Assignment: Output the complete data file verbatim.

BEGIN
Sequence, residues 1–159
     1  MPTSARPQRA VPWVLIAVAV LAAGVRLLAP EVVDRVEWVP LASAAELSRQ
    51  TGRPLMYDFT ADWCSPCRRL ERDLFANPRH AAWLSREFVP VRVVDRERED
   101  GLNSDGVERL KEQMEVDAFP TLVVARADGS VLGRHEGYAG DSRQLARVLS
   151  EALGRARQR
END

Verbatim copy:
Sequence, residues 1–159
     1  MPTSARPQRA VPWVLIAVAV LAAGVRLLAP EVVDRVEWVP LASAAELSRQ
    51  TGRPLMYDFT ADWCSPCRRL ERDLFANPRH AAWLSREFVP VRVVDRERED
   101  GLNSDGVERL KEQMEVDAFP TLVVARADGS VLGRHEGYAG DSRQLARVLS
   151  EALGRARQR